HSE Archaeologists Make Significant Discovery during Excavations in Agrigento
In 2019, HSE will begin accepting students to its new Master's programme in Classical and Oriental Archaeology for the first time. Prior to admission, however, prospective students had the opportunity to participate in an archaeological school in Sicily, where they discovered rare bronze phialae dating back to the 6th century BC during the excavations.
Who Went to Sicily
The two-week school organized by the HSE Institute for Oriental and Classical Studies and held on May 1-12 was part of an international archaeological expedition in Agrigento organised by the University of Bordeaux-Montaigne and HSE, with the participation of the University of Wisconsin–Madison, USA.
At the school, prospective students of the Master's programme in Classical and Oriental Archaeology implemented in partnership with the University of Bordeaux-Montaigne, got to work alongside experienced archaeologists. All programme fees, including transportation, housing and food, were covered by HSE.
Where They Excavated
The colony of Agrigento was founded ca. 580 BC jointly by the city of Gela in Sicily and Rhodes, and it quickly became one of the largest urban centres of the island and the ancient world in general. Now the Valley of Temples in Agrigento is a UNESCO World Heritage site.
This year, one of the temples of the sanctuary, known as the tempietto (small temple), as well as a section of the defensive wall of Akragas, adjacent to the sanctuary, were excavated.
In addition, participants began an architectural study of the sanctuary structures, including the famous Temple of Castor and Pollux (Tempio dei Dioscuri), the reconstruction of which was completed in the 19th century and is often questioned. To a large extent, the study will rely on three-dimensional photogrammetric models, which Yuri Svoyski and Ekaterina Romanenko began developing on the basis of the material they collected during the expedition work.
What the Participants Studied
Each day of the school featured lectures, excursions to ancient monuments, and excavations.
The school programme commenced with a lecture by Askold Ivantchik on the history of the Greek colonies in Sicily from the Archaic period to the period of Roman Principate. Nikolai Sudarev (Institute of Archeology, Russian Academy of Sciences) gave a lecture on the Greek colonization of Asian Bosporus.
Professor Reine-Marie Bérard from the French National Centre for Scientific Research (Marseille) spoke about the archaeology of funerary objects and presented her findings about materials discovered at the necropolis of the Greek colony Megara Hyblaea, located on the east coast of Sicily. Later on, school participants got the opportunity to visit the colony themselves.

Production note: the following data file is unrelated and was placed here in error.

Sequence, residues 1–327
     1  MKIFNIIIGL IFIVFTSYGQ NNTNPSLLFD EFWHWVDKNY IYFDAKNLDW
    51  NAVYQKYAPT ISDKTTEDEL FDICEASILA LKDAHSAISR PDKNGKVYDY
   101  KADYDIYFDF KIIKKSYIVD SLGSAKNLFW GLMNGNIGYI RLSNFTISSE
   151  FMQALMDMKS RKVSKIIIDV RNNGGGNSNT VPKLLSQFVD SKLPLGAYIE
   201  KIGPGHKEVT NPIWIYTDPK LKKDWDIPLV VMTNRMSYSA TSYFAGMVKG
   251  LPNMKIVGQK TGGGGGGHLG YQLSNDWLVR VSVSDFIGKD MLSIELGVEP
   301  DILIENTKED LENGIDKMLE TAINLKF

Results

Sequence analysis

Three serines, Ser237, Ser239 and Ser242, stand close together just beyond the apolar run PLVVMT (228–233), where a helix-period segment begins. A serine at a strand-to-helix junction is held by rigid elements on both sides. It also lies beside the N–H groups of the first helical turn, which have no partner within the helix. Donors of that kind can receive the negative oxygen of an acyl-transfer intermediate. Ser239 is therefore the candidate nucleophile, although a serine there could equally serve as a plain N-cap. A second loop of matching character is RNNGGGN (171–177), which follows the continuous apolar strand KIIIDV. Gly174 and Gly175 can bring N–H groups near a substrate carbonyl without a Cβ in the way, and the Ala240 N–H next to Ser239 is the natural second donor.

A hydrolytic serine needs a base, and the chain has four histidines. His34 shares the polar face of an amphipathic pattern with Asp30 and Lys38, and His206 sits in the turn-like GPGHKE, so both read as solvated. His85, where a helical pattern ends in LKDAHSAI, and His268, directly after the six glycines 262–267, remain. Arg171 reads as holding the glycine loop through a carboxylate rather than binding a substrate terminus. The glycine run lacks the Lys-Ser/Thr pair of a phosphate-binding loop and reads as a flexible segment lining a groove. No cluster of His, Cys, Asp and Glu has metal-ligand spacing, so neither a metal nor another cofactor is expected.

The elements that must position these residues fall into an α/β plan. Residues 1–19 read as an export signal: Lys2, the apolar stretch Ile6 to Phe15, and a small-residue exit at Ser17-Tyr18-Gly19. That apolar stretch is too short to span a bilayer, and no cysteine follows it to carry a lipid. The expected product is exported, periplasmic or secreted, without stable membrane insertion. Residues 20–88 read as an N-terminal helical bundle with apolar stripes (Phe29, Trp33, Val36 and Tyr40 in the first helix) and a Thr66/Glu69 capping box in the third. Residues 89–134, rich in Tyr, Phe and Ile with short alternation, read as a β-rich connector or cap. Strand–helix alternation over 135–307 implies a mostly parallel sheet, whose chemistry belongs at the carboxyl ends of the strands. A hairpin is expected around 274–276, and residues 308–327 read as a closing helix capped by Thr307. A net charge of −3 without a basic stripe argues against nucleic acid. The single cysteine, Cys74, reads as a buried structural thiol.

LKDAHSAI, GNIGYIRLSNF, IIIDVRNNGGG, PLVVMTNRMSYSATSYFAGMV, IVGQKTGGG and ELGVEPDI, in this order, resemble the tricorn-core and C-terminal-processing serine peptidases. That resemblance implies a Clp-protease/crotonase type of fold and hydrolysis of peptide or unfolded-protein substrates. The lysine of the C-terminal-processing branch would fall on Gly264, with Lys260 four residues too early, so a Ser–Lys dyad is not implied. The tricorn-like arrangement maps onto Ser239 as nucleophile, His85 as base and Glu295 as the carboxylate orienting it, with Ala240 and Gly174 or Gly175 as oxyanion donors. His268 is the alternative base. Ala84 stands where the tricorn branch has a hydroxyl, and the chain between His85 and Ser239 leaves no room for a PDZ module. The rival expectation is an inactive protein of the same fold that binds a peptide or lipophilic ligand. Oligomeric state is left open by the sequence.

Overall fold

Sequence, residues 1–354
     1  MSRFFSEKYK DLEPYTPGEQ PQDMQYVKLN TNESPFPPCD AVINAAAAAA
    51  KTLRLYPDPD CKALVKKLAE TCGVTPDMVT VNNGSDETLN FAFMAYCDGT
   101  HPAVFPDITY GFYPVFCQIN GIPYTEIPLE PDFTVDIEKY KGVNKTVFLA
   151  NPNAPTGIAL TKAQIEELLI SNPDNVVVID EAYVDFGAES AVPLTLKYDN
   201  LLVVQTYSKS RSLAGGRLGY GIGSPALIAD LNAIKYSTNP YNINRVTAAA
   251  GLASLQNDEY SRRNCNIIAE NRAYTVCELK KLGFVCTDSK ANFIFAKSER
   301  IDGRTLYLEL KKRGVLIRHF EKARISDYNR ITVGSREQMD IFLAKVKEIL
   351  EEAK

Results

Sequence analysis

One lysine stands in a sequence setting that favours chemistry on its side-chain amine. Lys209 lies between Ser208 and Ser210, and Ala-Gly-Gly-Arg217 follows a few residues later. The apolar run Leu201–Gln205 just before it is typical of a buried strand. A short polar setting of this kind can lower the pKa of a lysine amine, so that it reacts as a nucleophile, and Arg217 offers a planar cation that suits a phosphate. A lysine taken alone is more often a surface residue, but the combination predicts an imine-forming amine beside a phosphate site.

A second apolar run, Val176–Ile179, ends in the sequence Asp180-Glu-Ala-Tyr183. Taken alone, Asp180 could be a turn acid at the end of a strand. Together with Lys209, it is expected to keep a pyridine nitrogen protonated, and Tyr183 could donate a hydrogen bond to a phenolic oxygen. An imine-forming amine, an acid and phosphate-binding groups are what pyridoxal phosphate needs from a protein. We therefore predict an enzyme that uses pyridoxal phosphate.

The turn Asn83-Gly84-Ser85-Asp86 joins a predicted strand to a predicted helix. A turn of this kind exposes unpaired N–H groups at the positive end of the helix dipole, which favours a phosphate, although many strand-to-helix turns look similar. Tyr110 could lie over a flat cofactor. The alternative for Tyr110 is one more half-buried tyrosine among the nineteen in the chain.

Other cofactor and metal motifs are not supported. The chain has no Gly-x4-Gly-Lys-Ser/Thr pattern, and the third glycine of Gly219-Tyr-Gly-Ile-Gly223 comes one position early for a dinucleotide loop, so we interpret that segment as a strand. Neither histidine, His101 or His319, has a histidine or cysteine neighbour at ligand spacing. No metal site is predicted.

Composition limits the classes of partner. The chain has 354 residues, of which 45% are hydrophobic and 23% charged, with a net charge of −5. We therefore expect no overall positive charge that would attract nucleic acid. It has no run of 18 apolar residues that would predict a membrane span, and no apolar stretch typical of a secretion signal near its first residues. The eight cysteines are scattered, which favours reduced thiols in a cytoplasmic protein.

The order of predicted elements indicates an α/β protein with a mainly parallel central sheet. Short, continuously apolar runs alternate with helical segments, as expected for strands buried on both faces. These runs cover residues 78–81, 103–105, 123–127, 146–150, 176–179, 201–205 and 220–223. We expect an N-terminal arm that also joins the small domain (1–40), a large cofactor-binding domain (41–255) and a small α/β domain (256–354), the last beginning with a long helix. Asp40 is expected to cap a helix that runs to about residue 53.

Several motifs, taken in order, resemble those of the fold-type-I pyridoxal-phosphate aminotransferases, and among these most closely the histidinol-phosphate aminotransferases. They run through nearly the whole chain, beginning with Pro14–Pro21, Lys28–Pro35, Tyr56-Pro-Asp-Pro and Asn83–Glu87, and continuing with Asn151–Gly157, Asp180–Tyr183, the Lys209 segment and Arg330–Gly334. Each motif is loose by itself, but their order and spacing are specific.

Laurence Cavalier, Head of the Archaeological Mission of the University of Bordeaux Montaigne in Agrigento, and Professor Jacques des Courtils (University of Bordeaux-Montaigne) gave lectures on antique architecture.
Yuri Svoyski (Higher School of Economics) gave a presentation on photogrammetry, 3-D modelling andgeo-information systems, in which he presented the initial findings of his study of the Temple of Castor and Pollux of Akragas.
Emilie Cayre (University of Bordeaux Montaigne) delivered a lecture on methods of excavation and recording archaeological data, and Sofiane Djerad (University of Bordeaux Montaigne) discussed methods of field documentation of Greek architectural details and organised a workshop at the excavation site.
Marielle Bernier from University of Bordeaux Montaigne discussed the ins and outs of working with antique ceramics both in theory and in practice.
The participants went on excursions to the Villa del Casale (included in the UNESCO World Heritage List of 1997 and famous for its Roman time mosaics), the ancient sites of Syracuse, the Greek colony of Selinunte, and the city of Segesta, founded by a local tribe of Elymians in West Sicily.
What They Found
Groups of Russian, French and American students researched various excavation sites in Agrigento. While removing the cultural layer, they discovered votive lamps and terracotta figurines. But their main discovery was something else— a large complex consisting of 28 bronze phialae of different sizes and shapes dating back to the 6th century BC. Bronze phialae of the archaic period are quite rare, so the discovery was a real sensation. The phialae were served as an offering to the deity whom the small temple honours. The discovery was so significant that it was covered by the Italian media.
The expedition to Agrigento is only one of many archaeological projects conducted by the Institute for Oriental and Classical Studies. The researchers also go on expeditions to Olbia (Ukraine), the Taman Peninsula (Russia), the lower reaches of the Kodori Gorge (Abkhazia), the lower reaches of the Rioni River (Georgia), Panjakent (Tajikistan), and the Janken settlement (the Aral sea region, Kazakhstan). They also plan to organize expeditions to Iraq, Turkey, and Greece.
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